Jodi Picoult Leaving Time
This moving tale of a girl searching for her missing mom blends suspense, the supernatural and heartbreaking insights into elephants (yes, elephants).

Bill Roorbach The Remedy for Love
Snowbound in Maine, two strangers struggle to survive—fighting, flirting, baring secrets. Their sexy, snappy dialogue will keep you racing through.

Charles M. Blow Fire Shut Up in My Bones
“The first memory I have in the world is of death and tears,” writes journalist Blow in this memoir of his troubled youth in the segregated South. Searing and unforgettable.

No.6 American Horror Story: Freak Show


In this season’s incarnation, Jessica Lange plays Elsa Mars, a washed-up actress who runs a carnival of human curiosities, including Sarah Paulson as a two-headed lady. You’ll also see a three-breasted Angela Bassett and a killer maniac clown named Twisty, who looks like Jack Nicholson’s Joker after too long at the carnival. The acting is superb and deepens as we learn more about the secret links in what may truly be a family circus. (FX, Wednesdays, 10 p.m.)

No. 7 Camp X-Ray


Kristen Stewart shines in this Guantanamo Bay drama, playing a new camp guard who bonds with one of her detainees (a despairing Payman Maadi). Wisely avoiding the broader war on terror, Camp X-Ray instead offers a stirring portrait of a friendship that can never be. (Oct. 17, VOD)

No. 8 The Overnighters


The oil boom has hit North Dakota, and job seekers have flocked north to Williston, a small city that lacks sufficient housing and is home to residents growing wary of the influx. This tense and candid film reveals the dark side of the recession where desperation collides with resentment. (PG-13, limited release)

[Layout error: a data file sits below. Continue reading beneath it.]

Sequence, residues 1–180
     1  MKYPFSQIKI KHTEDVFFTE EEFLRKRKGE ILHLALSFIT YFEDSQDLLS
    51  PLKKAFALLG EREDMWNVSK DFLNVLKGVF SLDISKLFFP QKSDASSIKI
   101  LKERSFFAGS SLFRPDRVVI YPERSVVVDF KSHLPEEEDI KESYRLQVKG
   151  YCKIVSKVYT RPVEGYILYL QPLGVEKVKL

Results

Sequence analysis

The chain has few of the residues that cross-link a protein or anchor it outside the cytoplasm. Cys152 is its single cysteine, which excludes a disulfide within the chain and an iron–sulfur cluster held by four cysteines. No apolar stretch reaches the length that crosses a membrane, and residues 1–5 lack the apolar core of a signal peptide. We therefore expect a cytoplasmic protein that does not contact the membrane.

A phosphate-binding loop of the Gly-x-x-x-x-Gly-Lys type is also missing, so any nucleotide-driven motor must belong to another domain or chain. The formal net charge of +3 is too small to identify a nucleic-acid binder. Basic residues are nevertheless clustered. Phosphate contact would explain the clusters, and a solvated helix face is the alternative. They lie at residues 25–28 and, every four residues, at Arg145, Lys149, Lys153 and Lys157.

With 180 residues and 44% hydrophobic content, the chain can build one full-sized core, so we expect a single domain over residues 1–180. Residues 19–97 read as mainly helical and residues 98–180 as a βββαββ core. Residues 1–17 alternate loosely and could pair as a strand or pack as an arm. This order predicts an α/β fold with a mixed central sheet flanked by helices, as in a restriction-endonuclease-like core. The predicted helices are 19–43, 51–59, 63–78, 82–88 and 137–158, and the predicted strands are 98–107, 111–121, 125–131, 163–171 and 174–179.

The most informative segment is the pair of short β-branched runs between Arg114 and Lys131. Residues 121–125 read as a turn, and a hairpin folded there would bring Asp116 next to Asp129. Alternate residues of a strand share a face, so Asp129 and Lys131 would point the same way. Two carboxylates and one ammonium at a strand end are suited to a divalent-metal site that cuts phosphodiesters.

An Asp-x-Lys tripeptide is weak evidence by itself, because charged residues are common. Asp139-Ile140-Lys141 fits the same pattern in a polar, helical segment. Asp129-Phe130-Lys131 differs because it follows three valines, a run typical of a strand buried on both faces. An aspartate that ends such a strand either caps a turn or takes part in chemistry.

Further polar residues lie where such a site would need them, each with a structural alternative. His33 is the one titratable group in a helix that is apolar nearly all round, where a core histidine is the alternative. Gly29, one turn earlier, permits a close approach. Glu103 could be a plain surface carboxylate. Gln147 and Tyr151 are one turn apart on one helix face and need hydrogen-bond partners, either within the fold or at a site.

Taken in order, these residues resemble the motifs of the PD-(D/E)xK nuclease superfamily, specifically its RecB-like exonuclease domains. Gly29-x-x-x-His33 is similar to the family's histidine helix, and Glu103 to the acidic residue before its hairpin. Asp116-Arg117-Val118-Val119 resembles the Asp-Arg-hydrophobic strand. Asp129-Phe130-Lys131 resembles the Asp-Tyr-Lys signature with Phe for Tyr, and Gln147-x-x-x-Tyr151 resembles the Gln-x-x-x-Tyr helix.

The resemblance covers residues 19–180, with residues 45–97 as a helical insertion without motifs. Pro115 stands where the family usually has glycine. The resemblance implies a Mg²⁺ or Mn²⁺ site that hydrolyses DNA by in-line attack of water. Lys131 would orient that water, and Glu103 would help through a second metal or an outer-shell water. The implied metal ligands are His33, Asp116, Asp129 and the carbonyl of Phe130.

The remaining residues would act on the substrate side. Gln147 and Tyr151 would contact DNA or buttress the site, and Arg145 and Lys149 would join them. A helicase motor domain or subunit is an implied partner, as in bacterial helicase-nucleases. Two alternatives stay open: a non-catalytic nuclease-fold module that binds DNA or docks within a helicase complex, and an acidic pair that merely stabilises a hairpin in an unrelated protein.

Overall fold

No. 9 St. Vincent


Bill Murray’s Vincent is little more than a drunken loner until a divorced mother (Melissa McCarthy) moves in next door, asks him to babysit her boy and discovers the sweeter side of an old man hiding deep scars. Utterly predictable yet undeniably touching, St. Vincent gains momentum as mentor Murray teaches young Oliver all the life lessons missing from his textbooks. But it’s McCarthy who steals the show, breathing life into a fearless woman who’s every bit as tough as Vincent—and who’s also brave enough to open her heart. (PG-13, in theaters)

No. 10 Big Driver


When famed writer Tess Thorne (Maria Bello) takes the wrong shortcut home, she’s brutally assaulted and left for dead on the side of an idyllic New England road. Fueled with rage (and armed with a gun), she hunts down her would-be killer in this adaptation of the 2010 Stephen King novella. There’s no shortage of revenge fantasy enactments these days (see: Gone Girl), but that doesn’t diminish the satisfaction of watching Tess exact her bloody payback. (Lifetime, Oct. 18, 8 p.m.)

No. 11 The Book of Life
A matador’s surrealistic quest to rescue his true love



Director Jorge R. Gutierrez, who co-created the visually inventive animated TV series El Tigre (2007), works on a wider canvas and with an even wilder palette for this family-oriented fantasy about a Mexican matador. To win the love of Maria (voiced by Zoë Saldana), Manolo (Diego Luna) journeys into the underworld—and the under-underworld. (PG, Oct. 17)

No. 12 Milky Chance, ‘Stolen Dance’



This infectiously catchy alt-folk single by German duo Milky Chance has gone viral globally, racking up more than 75 million views on YouTube. While just now cracking the U.S. Top 40, it’s been No. 1 on the adult-alt charts for nine weeks. Next stop? Probably Glee. (Out now)